The recognition of the physical -- vascular, neurologic, and hormonal -- determinants of normal male sexual function has for the moment taken center stage and relegated to the background the important role of psychologic or emotional factors that can conspire to disrupt a man's sex life. It wasn't always this way. Subtle variations in a man's psychology, his emotional life, or the way he related to his sexual partner were once considered to be the only explanations for impotence. Today, with a broader understanding of both the physical and emotional underpinnings of a healthy sex life, we can now build on the pioneering work of the psychologists, psychiatrists, and sex therapists who were the first to venture into the area of the sexuality of men and women. In this chapter, you will learn how a man's psyche can interfere with his sex life, be able to recognize the signs of an emotional conflict, and read about ways to cope with or find help for the depression, anxiety, or panic that still so commonly interfere with sex.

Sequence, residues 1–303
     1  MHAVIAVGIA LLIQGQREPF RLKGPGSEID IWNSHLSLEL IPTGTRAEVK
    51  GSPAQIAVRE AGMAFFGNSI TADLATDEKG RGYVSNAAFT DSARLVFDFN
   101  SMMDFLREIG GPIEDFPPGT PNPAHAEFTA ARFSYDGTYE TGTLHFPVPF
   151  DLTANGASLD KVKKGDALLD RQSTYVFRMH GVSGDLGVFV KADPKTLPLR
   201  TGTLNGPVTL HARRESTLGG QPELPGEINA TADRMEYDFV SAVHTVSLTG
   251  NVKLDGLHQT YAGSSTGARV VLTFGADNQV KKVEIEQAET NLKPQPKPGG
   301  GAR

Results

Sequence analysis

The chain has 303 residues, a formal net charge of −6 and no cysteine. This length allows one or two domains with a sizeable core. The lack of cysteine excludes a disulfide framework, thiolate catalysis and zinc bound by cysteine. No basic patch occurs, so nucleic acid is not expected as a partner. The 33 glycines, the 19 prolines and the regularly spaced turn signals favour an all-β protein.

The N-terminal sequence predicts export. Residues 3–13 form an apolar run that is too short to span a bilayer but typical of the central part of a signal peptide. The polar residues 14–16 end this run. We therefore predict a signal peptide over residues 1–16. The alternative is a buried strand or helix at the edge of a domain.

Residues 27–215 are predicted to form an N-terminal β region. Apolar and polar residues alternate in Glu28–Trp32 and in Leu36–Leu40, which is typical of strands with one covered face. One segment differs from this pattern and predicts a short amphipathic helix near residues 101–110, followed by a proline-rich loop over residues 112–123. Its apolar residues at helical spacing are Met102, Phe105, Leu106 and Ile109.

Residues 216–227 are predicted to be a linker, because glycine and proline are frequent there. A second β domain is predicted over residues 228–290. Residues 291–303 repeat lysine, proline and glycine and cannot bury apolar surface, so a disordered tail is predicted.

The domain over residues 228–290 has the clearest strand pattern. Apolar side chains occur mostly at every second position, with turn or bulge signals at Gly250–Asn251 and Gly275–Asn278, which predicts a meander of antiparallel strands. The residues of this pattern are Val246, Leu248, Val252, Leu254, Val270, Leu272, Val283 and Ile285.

Our current understanding of the male sexual response cycle is based in large part on the contributions of psychiatrists, psychologists, and behavioral scientists. Until recently, only they had the opportunity to delve into issues relevant to male sexual function. Others did not challenge the mental-health profession's exclusive dominion over sexual matters. Sex was discussed in psychiatry and psychology textbooks only.
As a result, medical textbooks published before 1980 were not inclined to devote much attention to the subject of impotence because at that time it was commonly believed that 90 percent or more of impotence was psychologic in origin. This limited perspective has been reconsidered. Current medical textbooks discuss impotence extensively and thoroughly. Today, physicians recognize that in addition to psychologic problems, physical or organic (vascular, neurologic, or hormonal) abnormalities can disrupt the male sexual response cycle.